What a wonderful 30-year run! Cable system operators and networks have for this long time lived in the best of all business climates for growth and prosperity. This is unlike the airlines, for example, which have experienced violent ups and downs in profitability over this time (see "The Justice Department Flies in the Wrong Direction"). It's unlike the situation for Microsoft (MSFT) and Intel (INTC) and Dell (DELL), who all rode the desktop boom and then faded to shadows in Apple's (AAPL) sunlight. Of late, even Apple has lost considerable luster. Business history is filled with corporate ghosts from their previous dominantly-positioned pasts. But the cable industry has instead been able to power ahead with only a few bumps and scratches over an unusually long stretch of time.
For cable networks and distributors, first admire the long-term pricing power for cable services (shown in the chart below). Price increases have far exceeded the rate of gain of the Consumer Price Index (CPI) for decades and thereby supported the stock prices and earnings growth of the entire industry (even though some companies such as Charter (CHTR) stumbled into bankruptcy even with this pricing wind at their backs).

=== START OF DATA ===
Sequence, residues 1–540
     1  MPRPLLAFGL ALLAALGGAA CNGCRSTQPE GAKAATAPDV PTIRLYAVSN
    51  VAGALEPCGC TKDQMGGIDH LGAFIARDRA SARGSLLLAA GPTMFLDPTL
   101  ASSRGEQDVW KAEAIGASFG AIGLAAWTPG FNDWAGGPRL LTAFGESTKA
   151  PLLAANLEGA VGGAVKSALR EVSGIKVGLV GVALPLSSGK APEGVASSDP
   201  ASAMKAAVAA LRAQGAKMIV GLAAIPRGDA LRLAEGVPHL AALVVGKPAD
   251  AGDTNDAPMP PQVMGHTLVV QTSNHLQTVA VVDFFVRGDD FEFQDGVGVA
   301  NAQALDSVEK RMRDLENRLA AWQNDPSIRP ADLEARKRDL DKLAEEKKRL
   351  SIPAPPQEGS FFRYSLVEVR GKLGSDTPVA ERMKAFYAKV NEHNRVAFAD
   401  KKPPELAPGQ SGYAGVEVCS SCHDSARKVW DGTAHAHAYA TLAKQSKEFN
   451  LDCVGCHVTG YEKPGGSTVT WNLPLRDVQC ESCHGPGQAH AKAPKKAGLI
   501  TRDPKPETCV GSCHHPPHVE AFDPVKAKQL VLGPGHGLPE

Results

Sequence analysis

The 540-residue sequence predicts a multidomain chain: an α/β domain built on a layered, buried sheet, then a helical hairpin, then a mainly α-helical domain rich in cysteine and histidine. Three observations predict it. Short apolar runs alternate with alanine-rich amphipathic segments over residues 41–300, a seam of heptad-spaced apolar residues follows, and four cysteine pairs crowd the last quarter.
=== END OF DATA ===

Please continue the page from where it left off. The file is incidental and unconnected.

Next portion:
Source: U.S. Bureau of Labor Statistics.
The post-housing boom collapse in 2007 was the first sign of impending change as most investors had up to then taken it as a given that people in difficult economic circumstances would rather eat dog food than give up their cable subscriptions. Only since 2007 has it become clear to industry cheerleaders that if your home is foreclosed, there's no one at the address to watch the shows and pay the monthly bills.
Moreover, in the lackluster economic growth environment of the last four years, it is becoming much more difficult to continue raising cable service prices notably above the CPI's rate of gain. There are several reasons for this. First, many young people, just after completing their loan-burdened educations, are finding it difficult to find jobs and/or form new households of their own. This is part of a much broader economic and social problem that cannot be remedied quickly and on which the cable industry has no influence, but from which its growth prospects are diminished.